Email to Andy Clarke, CEO of Asda UK following sales of the psychiatric patient Halloween costume

Hello Mr Clarke, I’m writing to you in the aftermath of the psycho Halloween outfit racket.

I’m currently walking around the edge of the UK to highlight the experiences of people with mental health problems.

I’m doing it with no money, relying purely on the kindness of the people of our fair island to help me on my way.

I am a man with a severe and enduring mental health problem who was disabled out of my career as a social worker after 20 years because of my mental malady.

I’ve had reasonable media coverage including the Scottish Sun and BBC radio. I’ll put my links at the end of the email for your reference.

The reason I’m writing is that I’m concerned about the media outrage regarding your Halloween psycho outfits.

It’s my aim to get people to talk about mental health – by displaying such outrage, the various individuals and organisations who claim to be voicing the concerns of people with mental health problems, have prevented any chance of open dialogue.

They have polarised the situation into the ‘good’ – we poor defenceless folk with mental health problems and the ‘bad’ you evil corporate monsters.

Obviously the debate is far more complex.

The charity ‘Rethink’ say ‘It’s time to talk’ – I don’t see a lot of talking taking place here.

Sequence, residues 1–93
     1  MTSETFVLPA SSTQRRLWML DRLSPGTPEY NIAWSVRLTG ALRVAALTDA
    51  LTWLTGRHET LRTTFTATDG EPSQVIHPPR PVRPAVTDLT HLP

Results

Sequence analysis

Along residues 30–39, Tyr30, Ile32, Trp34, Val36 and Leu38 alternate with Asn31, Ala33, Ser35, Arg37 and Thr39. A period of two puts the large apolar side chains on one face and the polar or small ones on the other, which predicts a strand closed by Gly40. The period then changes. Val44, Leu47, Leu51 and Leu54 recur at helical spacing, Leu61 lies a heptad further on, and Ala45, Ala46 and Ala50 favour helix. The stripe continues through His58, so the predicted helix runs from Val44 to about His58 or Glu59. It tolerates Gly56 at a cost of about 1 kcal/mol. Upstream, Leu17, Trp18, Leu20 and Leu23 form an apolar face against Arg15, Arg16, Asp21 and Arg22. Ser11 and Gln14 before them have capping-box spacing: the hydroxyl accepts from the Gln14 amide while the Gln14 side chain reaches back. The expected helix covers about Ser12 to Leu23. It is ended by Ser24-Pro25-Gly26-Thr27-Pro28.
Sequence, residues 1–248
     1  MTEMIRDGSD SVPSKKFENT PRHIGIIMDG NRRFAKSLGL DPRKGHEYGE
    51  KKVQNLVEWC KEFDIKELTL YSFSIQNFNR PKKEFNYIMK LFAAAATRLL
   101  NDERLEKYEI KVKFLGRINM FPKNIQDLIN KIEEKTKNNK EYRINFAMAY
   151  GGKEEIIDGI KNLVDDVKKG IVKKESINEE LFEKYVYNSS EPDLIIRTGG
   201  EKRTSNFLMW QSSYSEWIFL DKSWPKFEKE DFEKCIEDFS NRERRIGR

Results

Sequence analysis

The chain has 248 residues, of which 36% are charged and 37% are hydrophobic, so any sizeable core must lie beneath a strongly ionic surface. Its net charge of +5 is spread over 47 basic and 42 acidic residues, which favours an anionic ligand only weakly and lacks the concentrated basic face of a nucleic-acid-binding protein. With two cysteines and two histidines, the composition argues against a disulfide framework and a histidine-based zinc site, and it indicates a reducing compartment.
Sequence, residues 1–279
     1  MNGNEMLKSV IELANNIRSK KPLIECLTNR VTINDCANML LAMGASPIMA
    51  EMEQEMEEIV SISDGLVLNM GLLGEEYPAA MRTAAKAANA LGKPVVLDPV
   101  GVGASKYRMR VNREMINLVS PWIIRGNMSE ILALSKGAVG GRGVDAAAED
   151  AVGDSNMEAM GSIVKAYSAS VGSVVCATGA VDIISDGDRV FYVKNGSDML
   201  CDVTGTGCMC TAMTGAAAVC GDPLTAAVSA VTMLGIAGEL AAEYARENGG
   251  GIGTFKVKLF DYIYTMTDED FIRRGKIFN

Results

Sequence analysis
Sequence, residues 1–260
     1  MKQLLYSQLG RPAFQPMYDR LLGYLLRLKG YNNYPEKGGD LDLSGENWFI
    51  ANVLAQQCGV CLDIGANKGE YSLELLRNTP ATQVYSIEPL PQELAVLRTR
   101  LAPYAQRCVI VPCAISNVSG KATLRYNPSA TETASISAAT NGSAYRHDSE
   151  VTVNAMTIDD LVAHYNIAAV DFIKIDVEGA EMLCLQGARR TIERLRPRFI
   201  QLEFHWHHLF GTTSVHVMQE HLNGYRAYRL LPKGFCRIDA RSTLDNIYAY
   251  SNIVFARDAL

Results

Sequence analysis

As a social worker and a wandering loon I want to help change attitudes. I’m not particularly interested in supposedly negative language or, in this case, having a bit of a hoot.

I see this as an opportunity to talk – to promote engagement in this potential minefield.

I would be delighted if I could come and talk with you to share some of the expertise I’ve collected on my way round.

So far I’ve walked around Scotland and a number of the islands. I’ve invaded England as far as Liverpool.

Mental health notwithstanding, I’m pretty flexible and would be happy to fit in with your schedule.

Many thanks for taking the time to read this

Chris McCullough Young








Magazine –


Film/ sound/ radio recordings

This entry was posted in inequality, mental health, social work, walking and tagged , , , . Bookmark the permalink.

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